Milo Chocolate Cake

Growing up my mum almost always home made our birthday cakes, she went to great lengths to make our birthday’s special with a specifically made cake for school and another one for our party. Obviously when we were little there were lots of requests for barbie cakes, ballerina cakes, teenage mutant ninja turtle cakes and the like. And my mum gallantly rose to the challenge:

As we grew up the requests became chocolate, carrot or cheese cakes, much simpler! As a result of all these cake requests my mum kept a plethora of cake recipes with all sorts of notes alongside. Or if she found a better recipe she’d write something like “see Muriel’s recipe for Carrot cake in file no 2” and so would begin my hunt for the carrot cake recipe in file number 2!

In the spirit of keeping family traditions going…it is my husband’s birthday this May and for Alex’s birthday I’m combining two of his favourite things – chocolate and chocolate!

The Cake:


  • 225g Soft baking butter (I never remember to take the butter out of the fridge beforehand so I usually have to melt it in the microwave)
  • 4 Large eggs
  • 15ml Baking powder (I’m going to be honest here… I forgot the baking powder. The cake looks great but is a bit stodgy. This is why it’s always a good idea to take all the ingredients out before you begin so you don’t miss one! :))
  • 500ml Caster sugar
  • 500ml White baking flour
  • 250ml Water
  • 150ml Cocoa
  • 125ml Milo

*Milo : made by nestle, a bit like hot chocolate but not. The official description is a mix of malt and chocolate powder.  It’s only easily available in South Africa, Australia, New Zealand and a few other African countries.  Milo was a staple for us growing up in South Africa, either served hot with boiling water and milk, or cold with just milk. As my brother would say this stuff always gets me right in the “feels!” #nostalgia


  1. Preheat the oven to 180 degrees Celsius (A good oven is vital for baking and making sure your cake doesn’t flop. Heat that isn’t at the right temperature or isn’t evenly distributed will mean adjustments to the length and temperature of any recipe. I’ve learnt through trial and error that although my oven gets up to temperature the heat isn’t evenly distributed, so I have to move the cake halfway through, which isn’t ideal as opening the oven too soon may also cause the cake to flop. Fickle things cakes…)
  2. Cream the butter & caster sugar together until light and creamy
  3. Separate the eggs, putting the whites to one side. Mix the egg yolks into the creamy mixture
  4. Sift the dry ingredients in a separate bowl and alternating add the dry ingredients and the water
  5. Beat the egg whites until stiff (the egg whites should create “peaks” when you lift the beater out of the bowl)2017-05-12 06.41.21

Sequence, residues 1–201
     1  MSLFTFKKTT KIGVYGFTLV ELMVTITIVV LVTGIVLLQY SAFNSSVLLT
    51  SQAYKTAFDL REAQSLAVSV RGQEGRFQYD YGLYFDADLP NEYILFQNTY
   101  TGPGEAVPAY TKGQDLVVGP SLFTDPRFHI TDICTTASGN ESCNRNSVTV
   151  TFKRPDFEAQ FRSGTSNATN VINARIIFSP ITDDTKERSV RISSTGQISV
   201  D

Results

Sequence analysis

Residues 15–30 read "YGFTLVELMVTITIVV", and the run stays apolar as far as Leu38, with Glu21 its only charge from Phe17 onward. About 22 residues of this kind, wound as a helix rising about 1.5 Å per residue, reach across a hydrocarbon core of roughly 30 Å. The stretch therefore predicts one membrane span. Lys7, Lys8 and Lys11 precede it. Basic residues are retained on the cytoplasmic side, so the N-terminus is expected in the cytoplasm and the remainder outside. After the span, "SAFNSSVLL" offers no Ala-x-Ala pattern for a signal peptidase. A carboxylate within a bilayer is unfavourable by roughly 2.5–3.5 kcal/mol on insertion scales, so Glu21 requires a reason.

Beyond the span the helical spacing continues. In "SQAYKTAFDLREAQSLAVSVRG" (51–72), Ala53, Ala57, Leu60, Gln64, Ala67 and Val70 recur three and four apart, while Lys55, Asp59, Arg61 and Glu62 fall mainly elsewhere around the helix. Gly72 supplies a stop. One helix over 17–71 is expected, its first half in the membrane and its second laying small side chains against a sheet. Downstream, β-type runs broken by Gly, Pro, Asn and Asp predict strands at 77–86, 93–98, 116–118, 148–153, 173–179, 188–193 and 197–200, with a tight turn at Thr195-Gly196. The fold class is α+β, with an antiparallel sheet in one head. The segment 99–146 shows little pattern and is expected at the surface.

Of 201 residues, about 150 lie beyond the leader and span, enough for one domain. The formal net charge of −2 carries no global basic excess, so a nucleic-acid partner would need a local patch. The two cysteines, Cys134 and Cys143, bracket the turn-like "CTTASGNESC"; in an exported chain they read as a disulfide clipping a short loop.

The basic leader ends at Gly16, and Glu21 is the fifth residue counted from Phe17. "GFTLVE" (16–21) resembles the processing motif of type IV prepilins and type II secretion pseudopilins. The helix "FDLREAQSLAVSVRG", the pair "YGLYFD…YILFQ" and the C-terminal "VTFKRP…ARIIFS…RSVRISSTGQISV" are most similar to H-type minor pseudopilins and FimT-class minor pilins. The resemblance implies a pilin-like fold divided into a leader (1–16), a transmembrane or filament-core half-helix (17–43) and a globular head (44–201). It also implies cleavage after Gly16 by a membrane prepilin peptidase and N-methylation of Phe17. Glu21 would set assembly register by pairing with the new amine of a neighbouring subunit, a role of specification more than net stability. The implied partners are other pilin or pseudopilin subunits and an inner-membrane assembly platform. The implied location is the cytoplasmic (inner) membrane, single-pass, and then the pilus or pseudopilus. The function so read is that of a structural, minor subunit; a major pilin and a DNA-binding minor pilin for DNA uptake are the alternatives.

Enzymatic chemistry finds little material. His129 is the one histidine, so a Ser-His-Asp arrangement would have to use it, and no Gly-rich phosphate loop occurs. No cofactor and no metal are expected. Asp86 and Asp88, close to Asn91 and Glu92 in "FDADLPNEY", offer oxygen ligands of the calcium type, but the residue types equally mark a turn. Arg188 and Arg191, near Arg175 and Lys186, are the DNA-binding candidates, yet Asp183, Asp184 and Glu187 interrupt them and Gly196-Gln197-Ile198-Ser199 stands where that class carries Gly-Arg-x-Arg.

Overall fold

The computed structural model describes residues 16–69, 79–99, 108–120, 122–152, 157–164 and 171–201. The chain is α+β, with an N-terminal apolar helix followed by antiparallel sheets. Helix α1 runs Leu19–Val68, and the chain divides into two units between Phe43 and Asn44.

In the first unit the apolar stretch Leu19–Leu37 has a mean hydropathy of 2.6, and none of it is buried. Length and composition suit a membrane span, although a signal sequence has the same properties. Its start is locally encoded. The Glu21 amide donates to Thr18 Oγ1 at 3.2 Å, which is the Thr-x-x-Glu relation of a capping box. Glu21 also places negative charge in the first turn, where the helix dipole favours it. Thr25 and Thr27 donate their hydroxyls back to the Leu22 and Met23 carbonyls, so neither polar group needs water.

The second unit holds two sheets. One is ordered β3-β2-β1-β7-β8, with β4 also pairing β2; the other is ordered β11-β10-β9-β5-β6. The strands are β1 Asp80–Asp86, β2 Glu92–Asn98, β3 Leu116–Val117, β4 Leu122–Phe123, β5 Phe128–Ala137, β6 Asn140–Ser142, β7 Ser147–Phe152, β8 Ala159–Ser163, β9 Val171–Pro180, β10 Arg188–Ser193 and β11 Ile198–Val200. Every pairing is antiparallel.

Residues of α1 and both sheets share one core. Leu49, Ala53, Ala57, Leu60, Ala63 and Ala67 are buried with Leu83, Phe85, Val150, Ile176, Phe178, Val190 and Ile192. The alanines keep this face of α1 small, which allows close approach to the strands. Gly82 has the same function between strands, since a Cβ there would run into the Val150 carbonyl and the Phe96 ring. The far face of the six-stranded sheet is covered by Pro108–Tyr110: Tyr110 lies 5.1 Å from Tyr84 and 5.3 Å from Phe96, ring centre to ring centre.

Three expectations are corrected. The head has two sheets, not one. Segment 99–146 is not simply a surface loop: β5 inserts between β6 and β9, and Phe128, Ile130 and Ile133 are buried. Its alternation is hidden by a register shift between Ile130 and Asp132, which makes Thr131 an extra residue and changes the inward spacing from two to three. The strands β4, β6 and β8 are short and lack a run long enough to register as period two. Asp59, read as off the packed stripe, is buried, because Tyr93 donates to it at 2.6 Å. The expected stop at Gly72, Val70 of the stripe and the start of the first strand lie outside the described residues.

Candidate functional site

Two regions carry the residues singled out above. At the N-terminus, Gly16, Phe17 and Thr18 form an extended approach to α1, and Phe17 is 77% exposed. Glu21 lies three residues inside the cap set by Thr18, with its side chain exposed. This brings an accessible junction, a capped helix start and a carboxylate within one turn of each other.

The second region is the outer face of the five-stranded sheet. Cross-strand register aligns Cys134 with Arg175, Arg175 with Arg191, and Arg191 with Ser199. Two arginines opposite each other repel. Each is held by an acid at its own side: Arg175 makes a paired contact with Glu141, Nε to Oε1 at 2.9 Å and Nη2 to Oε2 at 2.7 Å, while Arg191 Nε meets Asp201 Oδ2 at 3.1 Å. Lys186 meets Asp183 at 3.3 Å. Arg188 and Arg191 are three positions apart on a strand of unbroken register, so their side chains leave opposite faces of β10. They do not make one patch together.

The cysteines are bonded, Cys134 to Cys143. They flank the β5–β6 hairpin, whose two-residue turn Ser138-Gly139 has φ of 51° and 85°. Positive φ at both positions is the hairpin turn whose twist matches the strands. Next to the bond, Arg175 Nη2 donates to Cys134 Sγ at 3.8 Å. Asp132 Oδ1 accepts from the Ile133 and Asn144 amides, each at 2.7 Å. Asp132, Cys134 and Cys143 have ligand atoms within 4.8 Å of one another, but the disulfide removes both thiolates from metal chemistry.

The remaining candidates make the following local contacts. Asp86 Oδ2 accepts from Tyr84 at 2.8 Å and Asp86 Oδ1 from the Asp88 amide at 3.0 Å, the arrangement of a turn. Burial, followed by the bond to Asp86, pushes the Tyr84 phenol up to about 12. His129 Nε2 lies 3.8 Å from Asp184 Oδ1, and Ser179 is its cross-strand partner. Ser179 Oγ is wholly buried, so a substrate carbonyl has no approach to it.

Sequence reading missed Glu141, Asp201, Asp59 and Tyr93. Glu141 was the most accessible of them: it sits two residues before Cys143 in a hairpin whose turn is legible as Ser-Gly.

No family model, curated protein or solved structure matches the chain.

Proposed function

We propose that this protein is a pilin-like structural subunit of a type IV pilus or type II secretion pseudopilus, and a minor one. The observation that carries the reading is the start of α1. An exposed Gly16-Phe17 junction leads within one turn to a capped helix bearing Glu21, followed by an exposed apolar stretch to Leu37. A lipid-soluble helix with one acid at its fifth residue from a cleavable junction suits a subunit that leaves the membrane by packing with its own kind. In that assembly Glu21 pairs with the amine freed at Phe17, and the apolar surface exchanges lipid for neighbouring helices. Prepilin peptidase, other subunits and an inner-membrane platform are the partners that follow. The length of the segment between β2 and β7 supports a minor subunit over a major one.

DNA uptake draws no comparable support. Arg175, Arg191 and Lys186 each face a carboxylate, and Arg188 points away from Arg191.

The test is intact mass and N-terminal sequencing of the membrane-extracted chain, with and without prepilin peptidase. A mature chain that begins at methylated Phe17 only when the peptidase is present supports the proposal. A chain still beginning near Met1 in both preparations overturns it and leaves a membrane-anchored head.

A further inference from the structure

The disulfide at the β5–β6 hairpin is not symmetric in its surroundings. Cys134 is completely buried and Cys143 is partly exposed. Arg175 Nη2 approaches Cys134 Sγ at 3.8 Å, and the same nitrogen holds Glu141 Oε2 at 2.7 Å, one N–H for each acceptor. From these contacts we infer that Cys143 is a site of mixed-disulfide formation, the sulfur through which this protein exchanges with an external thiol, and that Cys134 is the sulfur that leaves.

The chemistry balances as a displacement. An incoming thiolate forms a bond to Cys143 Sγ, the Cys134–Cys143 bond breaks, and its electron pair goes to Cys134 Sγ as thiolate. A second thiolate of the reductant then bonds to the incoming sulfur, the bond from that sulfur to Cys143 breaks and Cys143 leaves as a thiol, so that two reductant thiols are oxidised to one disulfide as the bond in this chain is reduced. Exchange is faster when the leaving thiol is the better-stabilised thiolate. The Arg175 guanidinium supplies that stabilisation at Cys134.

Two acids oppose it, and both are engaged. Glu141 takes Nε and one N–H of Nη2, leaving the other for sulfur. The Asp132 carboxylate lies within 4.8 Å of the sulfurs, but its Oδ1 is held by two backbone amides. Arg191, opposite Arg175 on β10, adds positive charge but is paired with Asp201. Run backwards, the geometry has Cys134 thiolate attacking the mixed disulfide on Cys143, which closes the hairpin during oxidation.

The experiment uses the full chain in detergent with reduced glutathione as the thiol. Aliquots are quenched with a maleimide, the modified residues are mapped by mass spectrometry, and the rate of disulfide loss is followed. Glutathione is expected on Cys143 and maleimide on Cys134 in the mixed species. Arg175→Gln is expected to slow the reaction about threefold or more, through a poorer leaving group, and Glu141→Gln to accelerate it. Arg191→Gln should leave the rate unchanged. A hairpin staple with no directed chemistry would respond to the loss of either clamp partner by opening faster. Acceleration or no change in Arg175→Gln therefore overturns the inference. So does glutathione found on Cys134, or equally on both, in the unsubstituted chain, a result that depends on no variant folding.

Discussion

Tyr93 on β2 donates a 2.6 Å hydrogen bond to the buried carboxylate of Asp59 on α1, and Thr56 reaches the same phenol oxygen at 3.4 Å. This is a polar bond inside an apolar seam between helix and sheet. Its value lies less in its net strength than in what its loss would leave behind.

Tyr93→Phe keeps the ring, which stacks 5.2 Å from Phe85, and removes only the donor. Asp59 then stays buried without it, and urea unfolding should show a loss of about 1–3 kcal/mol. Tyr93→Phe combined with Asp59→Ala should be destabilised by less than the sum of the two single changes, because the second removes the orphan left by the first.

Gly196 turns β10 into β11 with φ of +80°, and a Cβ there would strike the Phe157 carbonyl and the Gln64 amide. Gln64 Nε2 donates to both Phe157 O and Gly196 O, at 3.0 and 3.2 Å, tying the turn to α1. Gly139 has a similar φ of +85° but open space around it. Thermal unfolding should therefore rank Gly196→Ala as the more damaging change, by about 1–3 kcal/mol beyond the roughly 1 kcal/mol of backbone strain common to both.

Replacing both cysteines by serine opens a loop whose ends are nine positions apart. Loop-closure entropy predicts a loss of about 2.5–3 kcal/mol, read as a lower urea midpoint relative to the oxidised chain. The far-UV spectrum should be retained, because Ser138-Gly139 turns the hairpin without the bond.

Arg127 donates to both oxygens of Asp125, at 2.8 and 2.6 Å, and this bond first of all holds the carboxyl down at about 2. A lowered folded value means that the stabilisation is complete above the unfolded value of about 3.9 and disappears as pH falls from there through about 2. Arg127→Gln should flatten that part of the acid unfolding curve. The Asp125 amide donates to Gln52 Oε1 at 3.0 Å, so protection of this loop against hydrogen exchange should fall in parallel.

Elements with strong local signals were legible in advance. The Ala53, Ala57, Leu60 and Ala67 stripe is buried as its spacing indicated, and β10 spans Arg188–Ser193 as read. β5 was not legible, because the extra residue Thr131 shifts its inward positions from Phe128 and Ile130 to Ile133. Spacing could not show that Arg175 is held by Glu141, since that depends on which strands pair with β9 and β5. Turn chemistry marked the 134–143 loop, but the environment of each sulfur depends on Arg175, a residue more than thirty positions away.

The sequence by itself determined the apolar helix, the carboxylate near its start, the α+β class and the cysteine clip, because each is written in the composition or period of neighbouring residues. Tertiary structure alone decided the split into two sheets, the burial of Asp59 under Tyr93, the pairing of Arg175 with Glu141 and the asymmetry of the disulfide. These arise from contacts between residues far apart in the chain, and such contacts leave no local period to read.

6. Fold the egg whites into the mixture (make sure to do this by hand, allowing too much air into the mixture when folding in the egg whites can also cause a cake to flop)
  7. Separate the mixture into two
  8. Pour one half into a greased baking tin and bake for approx. 45mins – test with a cake skewer/tester and make sure this comes out clean before taking the cake from the oven
  9. Allow first half to cool in the tin before upending onto a cooling rack.
  10. Repeat steps 8 & 9 with the second half of the mixture

I always allow a cake to cool over night, icing a cake before it’s properly cooled is like trying to create an ice sculpture in the summer heat… messy and a disaster!

For a bit of a laugh check out my attempt at an old cinema style video for this recipe:

The Icing:

Icing is something I’ve always made by feel, I put in spoon fulls of the various ingredients until I think the consistency is right. It’s difficult to try and spread something runny onto a cake so make sure the icing is nice and thick, otherwise keep adding dry/wet ingredients to your taste until you reach the desired consistency.


  • +/- 100g Soft Butter (make sure it’s soft or you’ll end up with buttery clumps in your icing)
  • +/- 100ml Milo
  • +/- 60ml Cocoa
  • +/- 200ml Icing Sugar
  • +/- 30ml Milk


  1. Sift the dry ingredients together in a bowl
  2. Add milk and butter beating continually
  3. Add dry/wet ingredients until correct consistency is reached.
  4. Using a metal cake decorating spatula spread the icing over the top of the bottom layer of sponge, place the second sponge cake on top and cover the whole cake with the icing
  5. For decoration/fun I grated some peppermint crisp chocolate on top


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Let me know what you think - I'd love to hear if you tried one of my recipes at home and have any suggestions/alterations:

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